by Sandy McCarthy, president, Retirement Services, OneAmerica

As professionals in the financial services industry, we’ve devoted our careers to helping individuals attain financial peace of mind, personal protection, and retirement security.

The pandemic, though, has cast this important work in a new light, invigorating Americans’ interests in all aspects of financial preparedness and personal protection, and highlighting the deep connections between financial, physical, and emotional wellness.

This is a pivotal moment for our industry and the Americans we serve, as we guide those who have just experienced, first-hand, the complex and unexpected path life can take. In this new environment, widening the lens and broadening the view on the traditional idea of financial wellness can help Americans feel prepared and protected for today, tomorrow, and the years to come — whatever those days and years may bring.

Retirement and personal protection strategies go hand-in-hand

As a longtime veteran of the financial services industry, I’ve seen first-hand the energy we’ve collectively spent educating retirement plan participants about market risk, asset allocation, and the importance of beginning deferrals early. Though these are, of course, critical elements, there’s more that’s needed to help individuals establish peace-of-mind about their financial security.

As an industry, we must guide individual workers, and their employers, to look beyond the retirement plan — to realize that true, comprehensive plans for financial wellness also incorporate personal protection and decumulation strategies. This is especially critical and relevant post-COVID, as the pandemic forced the idea of financial protection for loved ones, and our own mortality, to be top of mind in a way we haven’t seen previously.

As uncertainties abound, the products and strategies we provide are a port in the storm — allowing individuals to safeguard retirement savings, set aside money for health or longterm care expenses, or ensure loved ones are protected. And the focus on healthcare expenses, in addition to retirement funds, is one that can’t be overlooked.

According to HealthView Services, a 65-year-old couple in good health will need $387,644 to pay for healthcare costs for the remainder of their lives. And the U.S. Department of Health and Human Services reports that someone turning age 65 today has almost a 70 percent chance of needing some type of long-term care services and support in their remaining years.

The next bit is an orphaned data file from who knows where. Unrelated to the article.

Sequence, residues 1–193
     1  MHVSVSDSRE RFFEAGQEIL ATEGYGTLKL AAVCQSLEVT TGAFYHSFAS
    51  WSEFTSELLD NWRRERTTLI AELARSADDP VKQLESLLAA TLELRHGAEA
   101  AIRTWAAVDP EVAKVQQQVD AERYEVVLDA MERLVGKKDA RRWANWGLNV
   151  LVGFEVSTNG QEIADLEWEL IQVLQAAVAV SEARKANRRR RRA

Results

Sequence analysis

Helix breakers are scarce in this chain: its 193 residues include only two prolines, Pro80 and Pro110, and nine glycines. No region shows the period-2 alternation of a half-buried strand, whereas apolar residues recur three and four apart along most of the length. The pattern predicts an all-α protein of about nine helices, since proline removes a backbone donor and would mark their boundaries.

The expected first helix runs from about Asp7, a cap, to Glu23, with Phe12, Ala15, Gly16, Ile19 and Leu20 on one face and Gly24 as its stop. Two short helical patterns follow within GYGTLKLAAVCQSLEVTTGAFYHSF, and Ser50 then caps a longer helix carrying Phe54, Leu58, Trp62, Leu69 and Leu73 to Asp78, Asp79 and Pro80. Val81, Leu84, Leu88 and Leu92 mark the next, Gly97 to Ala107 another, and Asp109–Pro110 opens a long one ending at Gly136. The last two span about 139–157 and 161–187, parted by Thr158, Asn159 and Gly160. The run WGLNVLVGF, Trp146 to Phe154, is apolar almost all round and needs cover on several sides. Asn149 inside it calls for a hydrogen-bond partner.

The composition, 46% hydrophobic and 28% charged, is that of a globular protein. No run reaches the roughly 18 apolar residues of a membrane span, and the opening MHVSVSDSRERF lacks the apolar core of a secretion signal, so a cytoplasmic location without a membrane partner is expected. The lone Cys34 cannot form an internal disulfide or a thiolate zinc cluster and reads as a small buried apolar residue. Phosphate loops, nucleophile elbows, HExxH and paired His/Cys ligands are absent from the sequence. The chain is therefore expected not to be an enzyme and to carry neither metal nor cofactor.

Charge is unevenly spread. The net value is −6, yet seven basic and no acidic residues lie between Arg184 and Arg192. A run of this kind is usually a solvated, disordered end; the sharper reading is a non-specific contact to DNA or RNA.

Still, according to a survey from the American College of Financial Services, only about one third of retirees currently have any type of long-term care plan.

Widening the lens on financial wellness

In recent years, we have honed in on examining the critical role emotional and physical wellness play in holistic financial wellness. Financial stress can cause emotional or physical health issues, just as emotional or physical health issues can result in financial strain and resulting stress. These factors are important considerations, especially as our industry navigates how best to engage and educate American workers to take action toward overall financial wellness. We have an opportunity to meet each person where they are, and to help American workers take the next step in their personal wellness journeys — acknowledging and aligned with their individual circumstances or life events. According to Employee Benefit Research Institute’s 2020 Retirement Confidence Survey, 7 in 10 workers (69 percent) feel confident in their ability to retire comfortably, though only 27 percent feel very confident. Overall confidence is up slightly from 2018 and 2019, when the survey showed 64 percent and 67 percent. We’re collectively making progress, but there’s still work to be done.

Connecting where it counts

For many Americans, the workplace is the frontline for financial education, and it may even be one of the only places where individuals receive financial guidance. As an industry, it’s up to us to help employers understand the value of providing employees with opportunities to improve holistic financial wellness — both for the well-being of individual employees, and to meet company objectives. Employees who are less stressed about financial, physical, and emotional health are more focused, present, and able to contribute to business success.

This is a significant concept, considering data from the 2021 PwC Employee Financial Wellness Survey showing that nearly two thirds of full-time employees say their financial stress has increased since the start of the pandemic. This has an impact on both productivity and retention, with 45 percent saying finances have been a distraction at work and 72 percent indicating they would be attracted to another company that cares more about their financial well-being than their current company.

The promising news is that employers understand the important role they play; 62 percent of employers feel “extremely” responsible for their employees’ financial wellness, up significantly from 13 percent in 2013, according to Bank of America’s 2020 Workplace Benefits Report. Employers — along with the financial professionals who guide them — will continue to play an increasingly greater role in helping employees strengthen their financial foundations.

Our industry exists for times like these, and our purpose — to protect and secure — has only been emphasized and reaffirmed over the past 18 months.
We’re an industry connected to the people we serve, and it’s an honor to engage with a wide network of professionals committed to bettering the lives of individuals and their families.

Editor’s note: A version of this article was originally published in LIMRA Marketfacts #4, 2021.